Put spread targets high-yield bonds
Chris McKhann | email@example.com
optionMONSTER systems show that a trader bought 2,400 March 92 puts for $1.20 against open interest of more than 8,000. At the same time he or she sold 5,000 March 89 puts for the bid price of $0.45 in volume that was above that strike's previous open interest of 3,264, so that was a new position.
This could be an unusual roll higher, but it is more likely a new put vertical. That would cost the trader $0.30, which would be at risk if shares remain above $92. The maximum gain for this ratio spread would come if the HYG is around $89 at that expiration. (See our Education section)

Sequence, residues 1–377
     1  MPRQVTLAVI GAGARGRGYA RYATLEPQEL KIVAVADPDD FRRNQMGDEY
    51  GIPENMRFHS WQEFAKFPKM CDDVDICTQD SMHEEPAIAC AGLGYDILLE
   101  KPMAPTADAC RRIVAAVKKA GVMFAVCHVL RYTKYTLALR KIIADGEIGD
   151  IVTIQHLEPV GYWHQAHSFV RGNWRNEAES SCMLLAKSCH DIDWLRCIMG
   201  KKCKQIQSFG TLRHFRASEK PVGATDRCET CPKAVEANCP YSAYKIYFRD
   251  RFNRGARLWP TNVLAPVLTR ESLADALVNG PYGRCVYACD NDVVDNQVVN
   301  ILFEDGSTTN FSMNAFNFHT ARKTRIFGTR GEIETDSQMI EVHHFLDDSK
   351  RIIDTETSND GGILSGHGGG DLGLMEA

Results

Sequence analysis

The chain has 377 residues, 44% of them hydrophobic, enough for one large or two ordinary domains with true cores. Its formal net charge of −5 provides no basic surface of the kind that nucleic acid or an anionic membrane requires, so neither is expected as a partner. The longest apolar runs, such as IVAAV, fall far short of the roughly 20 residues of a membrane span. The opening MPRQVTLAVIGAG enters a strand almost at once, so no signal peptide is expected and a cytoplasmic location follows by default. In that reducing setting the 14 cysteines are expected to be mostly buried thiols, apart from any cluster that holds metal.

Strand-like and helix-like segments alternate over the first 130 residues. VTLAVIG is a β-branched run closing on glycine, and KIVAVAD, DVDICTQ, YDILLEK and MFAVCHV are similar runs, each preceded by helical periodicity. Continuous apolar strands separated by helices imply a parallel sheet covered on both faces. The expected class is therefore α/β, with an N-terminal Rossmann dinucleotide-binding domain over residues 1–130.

The HYG off 0.09 percent at $93.84 this morning, a day after reaching its highest level since July 2008. The exchange-traded fund hasn't seen the $89 area since it came off 52-week lows back in June. The HYG typically has a high correlation with the S&P 500, and it is now at 0.95.